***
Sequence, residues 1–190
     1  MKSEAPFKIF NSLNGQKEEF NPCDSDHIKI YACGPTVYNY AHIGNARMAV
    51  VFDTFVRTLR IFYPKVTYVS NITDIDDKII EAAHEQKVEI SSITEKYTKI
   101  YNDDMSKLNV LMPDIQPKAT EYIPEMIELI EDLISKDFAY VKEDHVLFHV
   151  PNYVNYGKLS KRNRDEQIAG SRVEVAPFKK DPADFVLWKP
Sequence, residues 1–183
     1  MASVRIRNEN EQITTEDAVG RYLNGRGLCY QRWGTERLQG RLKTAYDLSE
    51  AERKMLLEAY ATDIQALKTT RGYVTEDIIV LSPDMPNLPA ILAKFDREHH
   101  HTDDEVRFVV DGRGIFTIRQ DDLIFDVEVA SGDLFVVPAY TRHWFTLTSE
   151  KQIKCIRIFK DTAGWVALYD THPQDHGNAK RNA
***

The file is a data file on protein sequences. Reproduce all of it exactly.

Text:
Sequence, residues 1–190
     1  MKSEAPFKIF NSLNGQKEEF NPCDSDHIKI YACGPTVYNY AHIGNARMAV
    51  VFDTFVRTLR IFYPKVTYVS NITDIDDKII EAAHEQKVEI SSITEKYTKI
   101  YNDDMSKLNV LMPDIQPKAT EYIPEMIELI EDLISKDFAY VKEDHVLFHV
   151  PNYVNYGKLS KRNRDEQIAG SRVEVAPFKK DPADFVLWKP
Sequence, residues 1–183
     1  MASVRIRNEN EQITTEDAVG RYLNGRGLCY QRWGTERLQG RLKTAYDLSE
    51  AERKMLLEAY ATDIQALKTT RGYVTEDIIV LSPDMPNLPA ILAKFDREHH
   101  HTDDEVRFVV DGRGIFTIRQ DDLIFDVEVA SGDLFVVPAY TRHWFTLTSE
   151  KQIKCIRIFK DTAGWVALYD THPQDHGNAK RNA